It is for posts like these that I keep myself so doggone anonymous on here.
Early in December I had a dentist appointment for Big Sister. The dentist we go to (well, except for the past couple years because I scheduled our family for appointments for 2006 nine or 12 months in advance, didn't write it on the new calendar, and went to my brother's wedding in Minnesota that day. Oops.) is in Town, in a not-totally-renovated house alongside the public library.
We used to live about 3 blocks from that library, from about the day Big Sister was conceived, until she was nearly 2. I remember walking there occasionally with her in the stroller. Ah, the urban life. I also remember taking both (older) girls there when you-know-who was about 18 months old or so, desperate was I to research Consumer Reports for vehicle recommendations. I ended up tying her, with my scarf, to the iron rails that guard the stairway overlook*. Have mercy, that girl was busy!
In any case, in the midst of my errands last month, we ended up early for the appointment, and they weren't ready for us. To kill 20 minutes or so, I strapped Organique in the Ergo, took Li'l Artist by the hand, and Big Sister walked alongside the block or so to the front entrance. We went in, then down the staircase to the children's section. Big Sister recognized some Dr. Seuss books on the nearest shelf while I repeated instructions to stay quiet and well-behaved. Big Sis looked up at me with her huge, deep brown eyes after taking in the view, and whispered, "Will they let us look at the books?"
Oh the shame. If my state required homeschooling credentials, mine certainly would've been revoked. My 7-year-old knows not the joys of a public library!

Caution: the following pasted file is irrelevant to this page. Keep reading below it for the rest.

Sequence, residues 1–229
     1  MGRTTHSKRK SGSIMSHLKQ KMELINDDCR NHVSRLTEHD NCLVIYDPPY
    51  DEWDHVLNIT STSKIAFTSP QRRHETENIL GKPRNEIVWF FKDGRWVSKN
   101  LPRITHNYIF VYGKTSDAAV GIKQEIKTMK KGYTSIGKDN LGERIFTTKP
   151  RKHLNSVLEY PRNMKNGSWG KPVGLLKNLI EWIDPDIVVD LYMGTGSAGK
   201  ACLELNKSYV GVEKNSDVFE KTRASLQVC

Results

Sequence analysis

While hanging my head as low as it could go with a squirmy toddler on my chest, I explained that yes, we can look at them if we are careful. And if your mother wasn't so cheap she'd buy a library card and we could actually borrow them at home.
Admittedly, I have issues with the public library. I don't like their 'freedom' interpretation that allows pornography to be viewed on computers in full view of children (I don't know that's been an issue locally, but I recall when the American Library Association or whatever defended that 'right'). Even before I was so firmly anti-bureaucracy, the library and staff displayed to me an astonishing example of how truly inept so many publicly-funded employees and organizations are. It gives the DMV a run for it's money, let me tell you.
But there are virtues, to be sure. We don't lack for books around here (though the kids tend to expect most of their scholastic reading material to emerge from the printer), but access to endless shelves could be most inspiring, I admit.
So did I break down and buy a library card? No. Big Sis managed to discover Put Me In The Zoo (which was one of my old faves! I LOVED those colored spots!) before we had to make our way back to the dentist office. I have, however, stooped to harassing my mother-in-law, who needs to renew her most-unused card, for one in her name. As a resident within city limits, her card is free. And I paid property taxes on that little house in town for a good few years after moving out, so I figure they owe me. :) Perhaps I will be able to reinstate my 'decent homeschooler' status, with time. I just hope my mother-in-law doesn't start screening my calls. It can be my birthday present, okay mom? How's that for a deal? Ah well, it's not like she reads here. Maybe I should tell her that in real life?
*I didn't tie her body-and-limb, train-track-style, but rather tied one end around her waist or belt-loop, and the other end of the scarf to the rail. She had some room to move and play, but far less room than she would've preferred (like all three floors of the library, and all the shelves within).